3-D Model Breakthrough Advances Macular Degeneration Research

3-D Model Breakthrough Advances Macular Degeneration Research

As much as researchers continue to probe and scan various organs to find clues of pending disease, sometimes there is just not enough information to see the full spectrum. When it comes to macular degeneration, the eye disease that afflicts upwards of 200 million people globally and continues to rob millions of their sight each year, being able to study the deep effects of this disease has been difficult. The reason is that, until now, only a rodent model could be studied in detail along with two dimensional drawings, scanned MRI’s, and computer generated representations. 

Now, researchers have been able to construct a 3-D model breakthrough that advances macular degeneration research. It is such a detailed version that it could enhance investigation and treatment in a more rapid timeframe than it might take otherwise. This could be just the thing researchers across the globe need for easy to follow access that could never be applied before. 

Imagine, rather than inject or surgically manipulate a rodents’ retina, this 3-D model offers a near perfect human retina that reacts right down to the nerve and capillary level. This means that procedures and pharmaceuticals could be tested without any need for invasive studies on an actual human. Research this detailed makes all other attempts an antiquated approach as more labs will use this model to enhance the search for an age-related macular degeneration disease (AMD) cure.

Three Dimensional Matrix 

Being able to re-create any organ function takes enormous technical and biological skill as the intricacies of everything from minute capillary systems to detailed musculature prove daunting. Researchers at the University of Rochester decided to attempt a functional 3-D model of the human retina. What ensued is a perfect mimic that may be able to predict a lot more than we already know about macular degeneration. 

The University of Rochester News Center reported on the makings of this 3-D model. 

“Their model combines stem cell-derived retinal tissue and vascular networks from human patients with bioengineered synthetic materials in a three-dimensional “matrix.” Notably, using patient-derived 3D retinal tissue allowed the researchers to investigate the underlying mechanisms involved in advanced neovascular macular degeneration, the wet form of macular degeneration, which is the more debilitating and blinding form of the disease.”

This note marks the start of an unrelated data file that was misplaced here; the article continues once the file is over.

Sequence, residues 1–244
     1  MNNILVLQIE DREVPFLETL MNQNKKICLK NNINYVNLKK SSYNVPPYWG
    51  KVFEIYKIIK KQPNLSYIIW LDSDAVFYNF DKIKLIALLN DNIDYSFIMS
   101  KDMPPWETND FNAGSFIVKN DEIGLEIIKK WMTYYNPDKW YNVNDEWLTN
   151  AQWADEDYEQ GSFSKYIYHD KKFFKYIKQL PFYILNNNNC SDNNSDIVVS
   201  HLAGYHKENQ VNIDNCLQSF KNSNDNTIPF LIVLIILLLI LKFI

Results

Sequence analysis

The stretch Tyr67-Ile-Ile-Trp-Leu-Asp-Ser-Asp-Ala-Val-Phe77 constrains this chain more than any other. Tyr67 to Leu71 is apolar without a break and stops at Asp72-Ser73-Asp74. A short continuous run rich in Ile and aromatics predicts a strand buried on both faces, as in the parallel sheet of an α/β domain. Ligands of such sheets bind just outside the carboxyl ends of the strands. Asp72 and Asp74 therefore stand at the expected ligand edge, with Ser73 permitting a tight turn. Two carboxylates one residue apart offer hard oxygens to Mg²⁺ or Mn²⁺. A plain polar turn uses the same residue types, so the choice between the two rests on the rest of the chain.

This “three dimensional matrix” opens a whole new world of not only future research but by also answering past questions as well as testing drug efficacy. 

Going Deep

One of the biggest speculations amongst macular degeneration researchers is whether the disease is caused by an anomaly of anatomical defects in the retina or by outside systemic issues such as constricted circulation. The 3-D model may be able to answer these long debated questions which looks like the research is currently showing to be anatomical defects. In addition, one of the most immediate effects of using the model is how the choriocapillaris layer has presented. 

The choriocapillaris layer is a network of capillaries that brings blood to the outer retina beneath the RPE (retinal pigment epithelium). 

According to Ruchira Singh, an associate professor of ophthalmology at the University’s Flaum Eye Institute, the choriocapillaris layer is “a mystery that nobody has ever been able to model in culture,” Creating the 3-D model is, Singh continues, “to get the entire complex that is affected by this disease, so that properties of each individual cell type can be controlled independently,… You can have completely normal choriocapillaris, but if your RPE’s are dysfunctional it will cause the choriocapillaris to dysfunction,”

This preliminary research using the 3-D model is a small example of how scientists can go deeper into the human optical structure than ever before. This immediately surpasses “real-time” image scans or inserted cameras invasively probing and risking infection of human tissue.

Research Underway

Recent results from using the 3-D model have proven to bring newly discovered data on how macular degeneration may form directly under a dysfunctional RPE. 

Singh reports the benefits of collaborating with the 3-D model to be:

  • Creating an accurate human model of the RPE/choriocapillaris complex
  • Confirming that RPE and stem cells play a role in the development of the choriocapillaris layer
  • Mimicking aspects of macular degeneration in the human model
  • Understanding cells types and blood factors contributing to macular degeneration
  • Targeting the disease, using a drug in a patient derived cell model

Dr. Singh collaborated with the lab of Danielle Benoit, professor of biomedical engineering and director of the Materials Science Program located just across the avenue of the University of Rochester. This was a longtime coming as these two women forged a working relationship based on their desire to practice in such an advantageous location. The team, in essence, is a serendipitous collaboration that is the stuff breakthrough science needs more of. 

As resources continue to advance, less lab rodents may be needed and more very close to realistic models could become the necessary standard. Rodent research has proved difficult, namely because the anatomy of a human far surpasses that of a rodent. This 3-D breakthrough advances macular degeneration research as well as paves the way for other applications in the future.